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SHIV Infection Protects Against Heterologous Pathogenic SHIV Challenge in Macaques: A Gold-Standard for HIV-1 Vaccine Development?

[ Vol. 7 , Issue. 5 ]

Author(s):

Robert Sealy, Xiaoyan Zhan, Timothy D. Lockey, Louis Martin, James Blanchard, Vicki Traina-Dorge and Julia L. Hurwitz   Pages 497 - 503 ( 7 )

Abstract:


A current debate in the HIV-1 vaccine field concerns the ability of an immunodeficiency virus to elicit a protective response. One argument is that HIV-1 superinfections are frequent in healthy individuals, because virus evades conventional immune surveillance, a serious obstacle to vaccine design. The opposing argument is that protection from superinfection is significant, reflecting a robust immune response that might be harnessed by vaccination to prevent disease. In an experiment designed to address the debate, two macaques received an I.V. inoculation with SHIV KU-1-d (a derivative of SHIV KU-1) and were rested for > 10 months. Infection elicited diverse neutralizing antibody activities in both animals. Animals were then exposed to SHIV 89.6P (I.V.), a virus carrying a heterologous envelope protein relative to the vaccine strain. Infection was monitored by viral load and CD4+ T-cell measurements. All control animals were infected and most succumbed to disease. In contrast, protection from superinfection was statistically significant in test monkeys; one animal showed no evidence of superinfection at any time point and the second showed evidence of virus at only one time point over a 6-month observation period. Neither animal showed signs of disease. Perhaps this protective state may serve as a ‘gold-standard’ for HIV-1 vaccine development, as a similar degree of protection against immunodeficiency virus infections in humans would be much desired.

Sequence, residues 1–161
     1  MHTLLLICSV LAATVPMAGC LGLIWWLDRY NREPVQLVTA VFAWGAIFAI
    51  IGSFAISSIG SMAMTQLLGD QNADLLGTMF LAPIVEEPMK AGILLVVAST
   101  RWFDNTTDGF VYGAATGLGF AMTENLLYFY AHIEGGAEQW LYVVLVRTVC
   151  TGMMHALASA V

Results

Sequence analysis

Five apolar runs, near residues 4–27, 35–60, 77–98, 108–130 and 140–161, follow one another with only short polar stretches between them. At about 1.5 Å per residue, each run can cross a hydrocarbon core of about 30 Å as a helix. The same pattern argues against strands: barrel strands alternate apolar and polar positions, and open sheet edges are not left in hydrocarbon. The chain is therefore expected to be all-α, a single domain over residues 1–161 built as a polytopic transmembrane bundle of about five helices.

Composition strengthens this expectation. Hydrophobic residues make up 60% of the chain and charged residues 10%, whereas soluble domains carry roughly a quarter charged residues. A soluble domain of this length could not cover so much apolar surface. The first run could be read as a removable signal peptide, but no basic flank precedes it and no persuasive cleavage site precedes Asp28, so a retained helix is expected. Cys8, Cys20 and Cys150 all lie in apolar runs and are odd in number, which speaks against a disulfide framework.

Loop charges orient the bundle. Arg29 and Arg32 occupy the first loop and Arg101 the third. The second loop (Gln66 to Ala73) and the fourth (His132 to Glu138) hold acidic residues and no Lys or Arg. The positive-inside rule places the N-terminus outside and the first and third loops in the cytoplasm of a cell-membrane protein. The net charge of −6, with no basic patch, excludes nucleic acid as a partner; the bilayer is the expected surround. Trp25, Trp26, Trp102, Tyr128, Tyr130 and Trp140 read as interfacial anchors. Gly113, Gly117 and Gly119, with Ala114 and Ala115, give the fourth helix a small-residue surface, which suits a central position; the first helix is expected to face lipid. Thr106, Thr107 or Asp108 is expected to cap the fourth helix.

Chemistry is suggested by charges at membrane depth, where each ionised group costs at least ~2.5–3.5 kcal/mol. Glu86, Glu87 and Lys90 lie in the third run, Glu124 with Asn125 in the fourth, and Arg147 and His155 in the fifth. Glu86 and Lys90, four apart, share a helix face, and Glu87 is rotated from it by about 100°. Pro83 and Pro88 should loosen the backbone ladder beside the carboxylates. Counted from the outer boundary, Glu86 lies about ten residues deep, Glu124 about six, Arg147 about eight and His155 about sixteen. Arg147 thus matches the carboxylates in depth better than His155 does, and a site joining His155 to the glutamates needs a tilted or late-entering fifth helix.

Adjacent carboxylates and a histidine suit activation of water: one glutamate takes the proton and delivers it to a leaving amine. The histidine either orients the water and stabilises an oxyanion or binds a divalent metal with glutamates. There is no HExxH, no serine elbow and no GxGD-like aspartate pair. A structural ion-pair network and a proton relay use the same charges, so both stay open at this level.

Keywords:

Rhesus macaques, Protective immunity, SHIV, Neutralization, Vaccine

Affiliation:

Department of Infectious Diseases, St. Jude Children's Research Hospital, 262 Danny Thomas Place, Memphis, TN 38105, USA.



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